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Peripheral leg oedema

Oedema is defined as palpable swelling caused by an increase in interstitial fluid volume ( John W Ely et al 2006 )

 

Chronic oedema ( CO ) is a general term used for leg swelling that has been present for atleast 3 months and this includes all form of edema irrespective of etiology and corresponding co-morbidities and risk factors It is a major clinical problem in the community and a challenging issue for primary care – management can be frustrating and time consuming The problem will only worsen as the population gets older , it is estimated that in the UK population will include 3.5 million people aged 85 or over with many older than 100 Moffatt et al in 2003 reported that chronic oedema is a common in community 
( 1.33/1000 ) with the prevalence increasing in those aged 64 yrs ( 5.4 / 1000 ) Heart failure affects approximately 1 % of the general population

 

Fluid balance between these compartments is maintained by hydrostatic pressure and oncotic pressure , these are governed by Starling’s law

 

Altered vascular dynamics Governed by Starlings law which can be -
- increased intravascular volume , decreased intravascular or oncotic pressure
- increased vascular permeability Vessel wall permeability Excess bodily fluids Lymphatic systems – excess protein rich interstitial fluid within skin and s/c tissue resulting from lymphatic dysfunction Local injury , infection Medications Pregnancy ,Physiological changes such as cyclical premenstrual changes.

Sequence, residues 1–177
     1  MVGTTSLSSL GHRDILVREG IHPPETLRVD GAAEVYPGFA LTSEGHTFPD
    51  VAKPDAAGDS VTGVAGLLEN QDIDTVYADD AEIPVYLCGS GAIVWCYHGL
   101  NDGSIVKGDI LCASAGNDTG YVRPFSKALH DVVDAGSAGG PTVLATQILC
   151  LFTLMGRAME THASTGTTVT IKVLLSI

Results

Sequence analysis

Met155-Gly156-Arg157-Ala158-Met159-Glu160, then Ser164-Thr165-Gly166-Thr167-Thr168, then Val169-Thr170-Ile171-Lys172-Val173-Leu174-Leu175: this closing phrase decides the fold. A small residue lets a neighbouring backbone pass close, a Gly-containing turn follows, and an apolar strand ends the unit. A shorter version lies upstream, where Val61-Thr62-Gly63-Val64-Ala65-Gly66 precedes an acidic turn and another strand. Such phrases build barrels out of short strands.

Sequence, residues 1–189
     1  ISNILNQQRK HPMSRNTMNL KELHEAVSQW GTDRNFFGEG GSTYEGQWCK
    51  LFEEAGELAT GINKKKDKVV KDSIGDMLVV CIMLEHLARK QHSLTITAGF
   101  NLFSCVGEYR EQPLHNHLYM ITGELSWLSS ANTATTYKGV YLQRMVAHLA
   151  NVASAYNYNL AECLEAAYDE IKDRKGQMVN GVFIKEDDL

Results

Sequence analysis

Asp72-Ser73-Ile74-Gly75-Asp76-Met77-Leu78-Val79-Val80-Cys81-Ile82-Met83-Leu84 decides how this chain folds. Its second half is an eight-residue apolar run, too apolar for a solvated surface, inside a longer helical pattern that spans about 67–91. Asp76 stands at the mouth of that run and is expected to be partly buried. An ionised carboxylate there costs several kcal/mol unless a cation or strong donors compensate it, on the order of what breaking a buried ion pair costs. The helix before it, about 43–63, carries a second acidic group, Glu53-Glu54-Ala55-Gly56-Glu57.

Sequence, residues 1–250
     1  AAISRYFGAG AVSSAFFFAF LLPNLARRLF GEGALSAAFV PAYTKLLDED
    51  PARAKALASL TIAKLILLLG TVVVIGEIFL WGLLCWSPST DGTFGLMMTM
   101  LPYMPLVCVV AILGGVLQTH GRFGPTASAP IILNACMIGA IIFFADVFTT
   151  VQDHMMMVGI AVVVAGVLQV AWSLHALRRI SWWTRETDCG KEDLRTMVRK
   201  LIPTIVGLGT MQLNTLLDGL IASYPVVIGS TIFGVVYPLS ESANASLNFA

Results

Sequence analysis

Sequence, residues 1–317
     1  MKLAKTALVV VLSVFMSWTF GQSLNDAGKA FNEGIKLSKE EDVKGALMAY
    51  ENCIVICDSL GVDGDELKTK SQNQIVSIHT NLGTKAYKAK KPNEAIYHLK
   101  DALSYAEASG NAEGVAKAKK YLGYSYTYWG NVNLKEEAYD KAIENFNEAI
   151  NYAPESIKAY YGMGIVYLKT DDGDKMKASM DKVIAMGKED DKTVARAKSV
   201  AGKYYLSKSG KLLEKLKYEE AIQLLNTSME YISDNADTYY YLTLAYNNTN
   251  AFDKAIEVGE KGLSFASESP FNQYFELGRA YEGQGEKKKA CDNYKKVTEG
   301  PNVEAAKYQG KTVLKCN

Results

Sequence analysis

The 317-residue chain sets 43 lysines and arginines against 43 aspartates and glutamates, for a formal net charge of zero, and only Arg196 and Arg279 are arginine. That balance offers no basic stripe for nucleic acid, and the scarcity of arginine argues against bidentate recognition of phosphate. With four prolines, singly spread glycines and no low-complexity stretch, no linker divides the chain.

Causes – systemic Cardiac Fluid overload Liver cirrhosis Kidney for e.g nephrotic syndrome , end stage renal failure , AKI Nutritional for e.g Hypoproteinemia Endocrine ( e.g hypothyroidism , Cushing’s ) Pregnancy Premenstrual disorder Medication related e.g Ca channel antagonists , NSAIDs , corticosteroids Malignancy – abdominal or pelvic Complex regional pain syndrome

 

Local – Venous causes e.g acute DVT , post thrombotic syndrome , trauma , severe varicose veins , chronic venous insufficiency Lymphoedema Lipedema Stasis Inflammation e,g cellulitis , allergic disorders Trauma Benign or malignant neoplasms.

 

Why important -high need of attention from community nursing teams patients with leg ulceration often suffer with peripheral oedema itt can adversely affect QOL , health and people’s ability to engage in normal daily activities patient who suffer with chronic oedema often have greater comorbidities than those without it- particularly diabetes , heart failure / IHD , peripheral arterial disease and presence of a wound people with CO are more likely not to be able to walk unaided people with chronic oedema suffer more from cellulitis people with CO are more likely to be obese